[Image Credit: Tyler Scully]
Where were you the day he resigned?
We were in Cleveland.
With so many allegations unfurling, some days felt precarious, as if hitting refresh one more time might tip the entire janky house into collapse. But we’d been travelling. Instead of gluing myself to a laptop screen I’d tune the car radio to an NPR station around five for a recap, and check the news on my phone, maybe get caught up once our hosts had gone to bed and the two of us were in the spare bedroom or on the fold-out couch.
The preceding few days were quiet, almost eerie. And everyone was focused on the Finals, on LeBron. Even addressing the possibility that a player could be as good as Jordan felt sacrilegious for so long. But evidence kept piling up and conversations kept happening. My line changed over time, to “he’s in the conversation,” which felt like a backhanded admission. Lines were generational: people my age or older were adamant that Jordan was the best, refusing to concede their reverent pasts.
We started the day in Detroit, at one of my old restaurant coworkers’ houses. After lunch, we hit the road. Traffic wasn’t bad.
My phone’s news screen reported allegations of another staff reshuffling, more reservations from past allies.
And hyped game seven. Which we’d be in town for.
We listened to podcasts in the car on the way to see our grad school friends, watched the scenery blur by our windows.
It’s funny, in retrospect, to think of how unaware we were, how normal everything seemed. Like the highway – was there jubilation as radios announced the prime time press conference? Was it just another in a string of things? Or had everyone tuned out, exhausted or just plain uninterested? I want to think we might have heard some victorious honks, but probably not. It’s my mind shading memory, adding crosshatching to events so brightly illuminated by history that no one thought to look down for shadows.
We followed the GPS, texted our arrival, pulled into our friends’ driveway. They’d bought a house since our last visit. They had a yard, got a dog.
She and he were waiting on their porch, drinking cocktails.
We all hugged.
I can’t wait for the finals tomorrow, I said. Game seven.
And the final tonight, she said.
What do you mean? The game’s tomorrow.
You haven’t heard, he said? Holy shit.
And they told us: the press conference, the speculation about it.
Evidence mounted over weeks and months only to be sloughed off, explained away, time after time. No time to form opinions, only to react. New players rotated in for a few weeks or months to replace the weary front liners. There was outrage, of course, and protests, tons of protests, but nothing changed. The news cycled through, the hysteria howled unabated on social media, cresting and breaking in waves of scandal and denial.
But there wasn’t enough. Not enough evidence, not enough consensus.
No damning leak was issued, nothing denied.
No one knew what to expect.
It could have been anything.
A declaration of war on North Korea. Sally Yates. A declaration of war on Iran. Michael Flynn. A declaration of war on Canada. Roger Stone. Deportation of undocumented immigrants. Jared Kushner. A break from NATO. Sergey Kislyak. Deportation of muslims. Steve Bannon. The start date for the Wall. James Comey. Presidential servers hacked. Julian Assange. Ivanka’s clothing line. Kim Jong-Un. Passwords. ICBMs. Alternative facts. Saudi Arabian arms deals. Bitcoins. The Dark Web. Intercepted transmissions. Missing emails. Angela Merkel. Deleted files. Russian oil. Destroyed documents. Rodrigo Duterte. Intelligence. Fake news. Conflicts of interest. Kellyanne Conway. The emoluments clause. Info dumps. Counterintelligence. Her emails. Covfefe.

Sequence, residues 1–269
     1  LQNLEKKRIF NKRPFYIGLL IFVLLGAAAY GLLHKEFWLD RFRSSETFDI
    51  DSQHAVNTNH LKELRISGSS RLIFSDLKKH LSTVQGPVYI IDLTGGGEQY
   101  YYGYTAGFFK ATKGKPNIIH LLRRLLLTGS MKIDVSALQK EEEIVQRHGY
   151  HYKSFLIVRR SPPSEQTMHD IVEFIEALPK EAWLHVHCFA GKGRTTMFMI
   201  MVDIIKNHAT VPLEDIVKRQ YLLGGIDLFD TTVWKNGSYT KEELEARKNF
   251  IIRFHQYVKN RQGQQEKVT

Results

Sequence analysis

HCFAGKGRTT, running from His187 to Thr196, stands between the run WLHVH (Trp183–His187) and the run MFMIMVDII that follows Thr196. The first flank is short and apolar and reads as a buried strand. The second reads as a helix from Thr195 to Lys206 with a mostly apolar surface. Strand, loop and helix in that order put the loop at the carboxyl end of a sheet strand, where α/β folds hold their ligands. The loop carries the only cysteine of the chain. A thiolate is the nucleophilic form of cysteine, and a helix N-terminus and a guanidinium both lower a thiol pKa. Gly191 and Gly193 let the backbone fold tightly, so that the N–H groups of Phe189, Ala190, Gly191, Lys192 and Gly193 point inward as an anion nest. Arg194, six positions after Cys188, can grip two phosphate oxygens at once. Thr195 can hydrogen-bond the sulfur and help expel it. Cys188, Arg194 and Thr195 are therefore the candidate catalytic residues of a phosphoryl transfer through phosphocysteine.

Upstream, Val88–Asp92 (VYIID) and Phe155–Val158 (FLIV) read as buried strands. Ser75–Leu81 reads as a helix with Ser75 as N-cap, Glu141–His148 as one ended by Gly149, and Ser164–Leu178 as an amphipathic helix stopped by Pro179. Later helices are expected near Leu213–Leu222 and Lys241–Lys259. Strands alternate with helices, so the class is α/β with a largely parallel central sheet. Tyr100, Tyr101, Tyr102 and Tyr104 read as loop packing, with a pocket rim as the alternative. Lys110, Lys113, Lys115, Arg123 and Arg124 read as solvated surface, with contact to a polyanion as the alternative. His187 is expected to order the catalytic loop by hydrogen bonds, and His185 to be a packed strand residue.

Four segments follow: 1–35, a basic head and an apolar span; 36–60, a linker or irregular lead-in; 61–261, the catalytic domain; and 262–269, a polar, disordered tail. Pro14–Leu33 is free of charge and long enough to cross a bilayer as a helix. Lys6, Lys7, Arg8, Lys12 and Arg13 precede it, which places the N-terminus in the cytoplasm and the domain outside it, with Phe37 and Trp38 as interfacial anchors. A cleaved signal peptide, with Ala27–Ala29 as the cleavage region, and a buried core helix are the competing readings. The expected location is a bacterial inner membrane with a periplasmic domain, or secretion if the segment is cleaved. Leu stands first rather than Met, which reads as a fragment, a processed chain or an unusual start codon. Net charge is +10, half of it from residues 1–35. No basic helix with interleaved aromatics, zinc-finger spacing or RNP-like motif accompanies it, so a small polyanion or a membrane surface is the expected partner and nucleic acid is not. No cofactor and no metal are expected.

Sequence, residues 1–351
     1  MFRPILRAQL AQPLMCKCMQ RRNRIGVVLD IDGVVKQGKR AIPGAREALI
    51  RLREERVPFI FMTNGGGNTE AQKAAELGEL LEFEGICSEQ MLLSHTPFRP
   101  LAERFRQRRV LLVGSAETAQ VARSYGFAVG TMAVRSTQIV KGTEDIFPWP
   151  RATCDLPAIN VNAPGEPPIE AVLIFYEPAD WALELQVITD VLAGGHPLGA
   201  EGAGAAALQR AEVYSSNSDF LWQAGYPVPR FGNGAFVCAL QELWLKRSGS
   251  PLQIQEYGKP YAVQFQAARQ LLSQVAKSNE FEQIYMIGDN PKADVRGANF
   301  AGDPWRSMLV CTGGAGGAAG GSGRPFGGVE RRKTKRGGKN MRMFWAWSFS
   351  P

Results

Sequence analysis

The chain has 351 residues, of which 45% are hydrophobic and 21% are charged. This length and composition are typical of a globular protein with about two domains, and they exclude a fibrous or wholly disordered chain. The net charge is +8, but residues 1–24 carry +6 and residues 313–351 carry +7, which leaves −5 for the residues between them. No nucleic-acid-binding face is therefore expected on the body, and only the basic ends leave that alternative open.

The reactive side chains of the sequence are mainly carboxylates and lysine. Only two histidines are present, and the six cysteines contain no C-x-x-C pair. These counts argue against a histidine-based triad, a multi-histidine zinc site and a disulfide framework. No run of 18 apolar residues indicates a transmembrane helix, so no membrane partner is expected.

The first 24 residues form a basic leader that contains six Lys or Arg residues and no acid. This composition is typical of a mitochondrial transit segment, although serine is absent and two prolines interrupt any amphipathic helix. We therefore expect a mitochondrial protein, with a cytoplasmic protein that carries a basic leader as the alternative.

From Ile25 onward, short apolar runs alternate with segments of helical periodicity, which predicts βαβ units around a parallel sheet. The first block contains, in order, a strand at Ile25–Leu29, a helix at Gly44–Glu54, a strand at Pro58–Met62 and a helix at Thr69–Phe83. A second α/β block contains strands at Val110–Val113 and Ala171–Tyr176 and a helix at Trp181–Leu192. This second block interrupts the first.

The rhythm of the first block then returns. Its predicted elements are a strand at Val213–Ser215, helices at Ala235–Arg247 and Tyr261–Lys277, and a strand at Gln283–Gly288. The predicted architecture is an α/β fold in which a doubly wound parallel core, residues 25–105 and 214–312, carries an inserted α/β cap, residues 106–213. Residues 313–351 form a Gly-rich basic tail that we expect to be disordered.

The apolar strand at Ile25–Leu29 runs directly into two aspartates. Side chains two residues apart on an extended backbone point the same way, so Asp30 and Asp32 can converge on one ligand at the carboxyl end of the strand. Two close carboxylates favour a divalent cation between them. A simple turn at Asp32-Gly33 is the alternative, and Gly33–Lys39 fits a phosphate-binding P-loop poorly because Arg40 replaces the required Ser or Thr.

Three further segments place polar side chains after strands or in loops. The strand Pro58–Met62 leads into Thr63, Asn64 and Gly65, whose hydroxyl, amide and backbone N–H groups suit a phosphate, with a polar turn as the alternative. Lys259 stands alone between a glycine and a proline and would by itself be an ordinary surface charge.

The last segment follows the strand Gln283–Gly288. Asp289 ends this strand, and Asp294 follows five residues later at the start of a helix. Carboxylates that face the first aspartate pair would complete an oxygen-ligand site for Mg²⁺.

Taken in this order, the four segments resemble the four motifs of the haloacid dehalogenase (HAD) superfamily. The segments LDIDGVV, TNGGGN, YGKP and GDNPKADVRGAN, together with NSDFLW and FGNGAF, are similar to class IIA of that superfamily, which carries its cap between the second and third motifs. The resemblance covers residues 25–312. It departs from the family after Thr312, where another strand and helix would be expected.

Nothing would have been surprising after so much absurdity piled up over so many months. Friends half-joked that we were living in a computer simulation, because such an improbable chain of events could not possibly be real. This explanation began to seem feasible.
We debated going to a bar for the 8 pm presser and decided against it.
Instead, we sat in the living room, watching on TV.
You remember how quick it was. How wooden, how emotionless. You must’ve watched some of the commentary afterwards. That slow-motion video where you can see a single eyebrow tic. None of us registered it at the time because of the fireworks.
I thought they were gunshots. But our hosts didn’t seem alarmed. She and he got up and walked to the window.
Look, they said, pointing.
Red, white and blue blossoms were clearly visible against the sunset.
That was the beginning.
Your city had celebrations, too. They all did, big or small.
And then the Cavs won it the next day.
My wife and I travel a little bit. We want to see everything for ourselves.
So many of our favorite cities are unfairly judged, punchlines because of conventional wisdom neither conventional nor wise.
Now, when we talk about jubilation, about winning, a party in the streets, we think Cleveland.
The party started, and Cleveland kept it going longest.
We think about reversal of fortune. About despair’s depths. About curses and legacies.
We were there.
Michael T. Fournier is the author of two novels (Hidden Wheel, 2011, and Swing State, 2014, both on Three Rooms Press) and a book-length discussion of the Minutemen album Double Nickels On The Dime for the 33 1/3 series. He’s the publisher/co-editor of Cabildo Quarterly, a broadsheet literary journal, and has written for Razorcake, Oxford American, Pitchfork, McSweeney’s Internet Tendency, Vol. 1 Brooklyn, Maudlin House and the RS 500. More at michaeltfournier.org.